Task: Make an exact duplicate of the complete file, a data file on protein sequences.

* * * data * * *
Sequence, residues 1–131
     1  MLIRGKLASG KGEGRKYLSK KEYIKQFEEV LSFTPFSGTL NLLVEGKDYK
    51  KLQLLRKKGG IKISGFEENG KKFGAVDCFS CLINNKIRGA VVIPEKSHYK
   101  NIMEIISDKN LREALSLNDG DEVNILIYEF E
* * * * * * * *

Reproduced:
Sequence, residues 1–131
     1  MLIRGKLASG KGEGRKYLSK KEYIKQFEEV LSFTPFSGTL NLLVEGKDYK
    51  KLQLLRKKGG IKISGFEENG KKFGAVDCFS CLINNKIRGA VVIPEKSHYK
   101  NIMEIISDKN LREALSLNDG DEVNILIYEF E